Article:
# Symmetric random walk with bounds

can anyone help me with this: We are considering a symmetric random walk that ends if level 3 is reached or level -1 is reached. Start=0

What is the expected number of walks? So I am looking for: $E[{\tau}]$ with $\tau$=the stopping time.

• What are your thoughts on this question? – Did Jan 27 '13 at 20:18
• I find it difficult to have 2 bounds... – user59871 Jan 27 '13 at 20:21
• (Actually the question is easier with what you call two bounds than with only one.) What did you try? Which similar problems can you solve? – Did Jan 27 '13 at 20:35
• I can solve the one with 1 bound, which would yield: $E[\tau]=infinity$. I tried a similar technique but do not know how to incorporate the 2 bounds... (optional sampling?) – user59871 Jan 27 '13 at 20:39
• Show how you solve the one with 1 bound. – Did Jan 27 '13 at 20:47

Basic argument: One asks for $t_0=\mathbb E_0(\tau)$ where $t_x=\mathbb E_x(\tau)$ for every $-1\leqslant x\leqslant3$. By the (simple) Markov property after one step, $t_x=1+\frac12(t_{x-1}+t_{x+1})$ for every $0\leqslant x\leqslant2$. By definition, $t_{-1}=t_3=0$. This is an affine system of $5$ equations with $5$ unknowns. Solve it. This yields $t_x=(3-x)(x+1)$ for every $-1\leqslant x\leqslant3$. In particular $t_0=3$.

Less basic argument: For every $n\geqslant0$, let $x_n$ denote the position after $n$ steps, $\mathfrak X_n$ the sigma-algebra generated by $(x_k)_{0\leqslant k\leqslant n}$, and $z_n=(x_n+1)(3-x_n)+n$. Then $z_0=3$, $z_\tau=\tau$, and $(z_n)_{n\geqslant0}$ is a martingale with respect to the filtration $(\mathfrak X_n)_{n\geqslant0}$, hence $\mathbb E(z_0)=\mathbb E(z_\tau)$, that is, $\mathbb E(\tau)=3$.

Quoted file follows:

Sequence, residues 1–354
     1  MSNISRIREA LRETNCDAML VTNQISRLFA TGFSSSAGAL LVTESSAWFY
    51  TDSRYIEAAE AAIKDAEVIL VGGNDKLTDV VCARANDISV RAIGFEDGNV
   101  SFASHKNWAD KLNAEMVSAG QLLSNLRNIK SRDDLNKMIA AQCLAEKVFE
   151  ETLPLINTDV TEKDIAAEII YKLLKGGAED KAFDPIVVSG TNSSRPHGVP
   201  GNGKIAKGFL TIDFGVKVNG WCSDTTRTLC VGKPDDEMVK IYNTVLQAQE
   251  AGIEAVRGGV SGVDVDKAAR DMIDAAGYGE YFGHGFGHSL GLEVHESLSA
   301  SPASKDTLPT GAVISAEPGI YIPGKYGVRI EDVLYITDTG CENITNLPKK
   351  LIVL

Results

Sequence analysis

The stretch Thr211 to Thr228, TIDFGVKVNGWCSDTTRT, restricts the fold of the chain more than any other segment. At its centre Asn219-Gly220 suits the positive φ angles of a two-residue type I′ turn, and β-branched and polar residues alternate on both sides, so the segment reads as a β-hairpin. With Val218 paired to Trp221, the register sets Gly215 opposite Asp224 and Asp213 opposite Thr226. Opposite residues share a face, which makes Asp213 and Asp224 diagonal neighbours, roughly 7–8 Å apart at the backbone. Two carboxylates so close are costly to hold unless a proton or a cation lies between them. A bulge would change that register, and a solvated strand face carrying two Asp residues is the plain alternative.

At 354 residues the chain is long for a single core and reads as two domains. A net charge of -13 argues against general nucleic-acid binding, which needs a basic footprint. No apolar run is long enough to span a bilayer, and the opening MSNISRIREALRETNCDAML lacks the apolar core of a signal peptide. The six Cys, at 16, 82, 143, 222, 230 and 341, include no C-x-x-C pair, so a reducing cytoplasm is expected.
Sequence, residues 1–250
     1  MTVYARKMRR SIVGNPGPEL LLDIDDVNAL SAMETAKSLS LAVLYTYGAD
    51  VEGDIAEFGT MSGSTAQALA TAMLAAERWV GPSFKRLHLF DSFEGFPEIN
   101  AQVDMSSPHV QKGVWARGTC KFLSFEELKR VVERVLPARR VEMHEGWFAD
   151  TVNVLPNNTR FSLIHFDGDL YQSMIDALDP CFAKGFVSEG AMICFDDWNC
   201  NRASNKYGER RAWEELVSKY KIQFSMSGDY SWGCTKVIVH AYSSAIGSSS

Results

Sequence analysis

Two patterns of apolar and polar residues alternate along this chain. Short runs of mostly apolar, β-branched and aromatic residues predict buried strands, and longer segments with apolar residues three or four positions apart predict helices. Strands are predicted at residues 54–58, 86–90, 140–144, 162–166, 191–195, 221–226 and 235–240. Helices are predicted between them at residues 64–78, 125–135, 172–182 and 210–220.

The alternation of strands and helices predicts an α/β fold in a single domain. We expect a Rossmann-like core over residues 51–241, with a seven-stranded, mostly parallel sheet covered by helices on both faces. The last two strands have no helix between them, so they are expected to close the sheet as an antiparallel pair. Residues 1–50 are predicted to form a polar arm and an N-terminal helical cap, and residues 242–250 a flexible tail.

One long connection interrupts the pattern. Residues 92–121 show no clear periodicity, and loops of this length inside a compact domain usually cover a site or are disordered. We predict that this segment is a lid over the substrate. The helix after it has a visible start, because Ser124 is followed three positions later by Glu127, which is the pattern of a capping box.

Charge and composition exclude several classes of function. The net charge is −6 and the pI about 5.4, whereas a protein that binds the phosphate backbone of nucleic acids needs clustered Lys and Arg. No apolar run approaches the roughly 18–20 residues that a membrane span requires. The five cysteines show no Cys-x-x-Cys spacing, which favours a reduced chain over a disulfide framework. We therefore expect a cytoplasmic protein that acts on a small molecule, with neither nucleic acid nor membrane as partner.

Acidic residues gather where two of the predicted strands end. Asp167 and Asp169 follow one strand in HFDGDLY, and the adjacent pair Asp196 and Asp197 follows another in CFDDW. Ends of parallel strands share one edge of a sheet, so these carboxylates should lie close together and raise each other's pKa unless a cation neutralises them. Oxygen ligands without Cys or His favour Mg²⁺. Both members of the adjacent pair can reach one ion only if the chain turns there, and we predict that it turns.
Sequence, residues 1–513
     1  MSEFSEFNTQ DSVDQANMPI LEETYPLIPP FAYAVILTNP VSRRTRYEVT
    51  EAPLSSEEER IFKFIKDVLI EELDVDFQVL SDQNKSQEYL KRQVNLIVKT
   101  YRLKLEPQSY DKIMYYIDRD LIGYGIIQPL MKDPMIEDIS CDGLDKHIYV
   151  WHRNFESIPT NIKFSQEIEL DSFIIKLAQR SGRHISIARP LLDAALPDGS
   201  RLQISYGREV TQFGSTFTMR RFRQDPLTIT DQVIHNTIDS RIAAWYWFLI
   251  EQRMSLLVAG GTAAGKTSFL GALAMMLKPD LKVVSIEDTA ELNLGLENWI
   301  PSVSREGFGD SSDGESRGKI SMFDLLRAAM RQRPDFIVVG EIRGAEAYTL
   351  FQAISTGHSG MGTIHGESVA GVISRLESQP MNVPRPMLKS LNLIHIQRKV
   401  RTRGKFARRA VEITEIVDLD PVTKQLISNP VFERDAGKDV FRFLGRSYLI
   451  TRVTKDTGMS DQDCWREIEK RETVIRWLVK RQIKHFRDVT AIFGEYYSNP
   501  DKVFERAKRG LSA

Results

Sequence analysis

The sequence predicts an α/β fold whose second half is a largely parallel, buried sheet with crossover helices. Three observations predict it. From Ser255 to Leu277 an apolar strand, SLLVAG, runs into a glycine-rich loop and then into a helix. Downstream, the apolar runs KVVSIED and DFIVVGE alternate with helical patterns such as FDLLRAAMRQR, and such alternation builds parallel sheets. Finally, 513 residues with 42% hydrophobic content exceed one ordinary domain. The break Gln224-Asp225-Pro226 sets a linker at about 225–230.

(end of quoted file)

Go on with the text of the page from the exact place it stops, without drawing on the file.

In full generality, the same argument shows that, for every $(a,b)$, the first hitting time of $\{a,b\}$ starting from $a\leqslant x\leqslant b$ has mean $(b-x)(x-a)$.

• I have a question regarding your basic argument. Why by definition does $u_{-1}=u_{3}=0$? If we are trying to calculated the expected first hitting time for either boundary why do we computer $t_{x}$ at $x=0$? Is this because we assume the process starts at $x=0$? – user75514 Apr 7 '17 at 18:13
• @user75514 Yes, $\mathbb E_x$ refers to the random walk starting at $x$. – Did Apr 7 '17 at 18:20
• So are $u_{-1}$ and $u_{3}$ the expected first arrival at -1 and 3? Why are these 0? – user75514 Apr 7 '17 at 18:23
• @user75514 Because $\tau=\inf\{n\geqslant 0\mid x_n\in\{-1,3\}\}$ is such that $P_{-1}(\tau=0)=P_3(\tau=0)=1$ hence $t_{-1}=E_{-1}(\tau)=0$ and $t_3=E_3(\tau)=0$. (Nota: $u_x$ is a typo for $t_x$.) – Did Apr 7 '17 at 18:27
• @Did In order to use the optimal stopping theorem (I guess this is what you've used here), we need to show that $\tau$ is a.s. bounded. However, here, we only have that $\mathrm{P}[\tau < \infty] = 1$. I think you need to modify this argument to guarantee that the stopping time is a.s. bounded. – Pantelis Sopasakis Jan 24 '19 at 12:41

$$\newcommand{\Z}{\mathbb{Z}}\newcommand{\N}{\mathbb{N}}\newcommand{\E}{\mathbb{E}}\newcommand{\F}{\mathcal{F}}\newcommand{\P}{\mathrm{P}}$$As @Did pointed out in a comment above, the optional stopping theorem (OST) holds under relaxed uniform integrability assumptions. I was unaware of this more general statement, so I used the more classical statement of OST which requires $$\tau$$ to be a.s. bounded to compute the expected stopping time. I found these lecture notes and this book where the OST is stated under UI conditions (and the proof is not too difficult).

In any case, I had already derived the result using the version of the OST I knew, so here it is: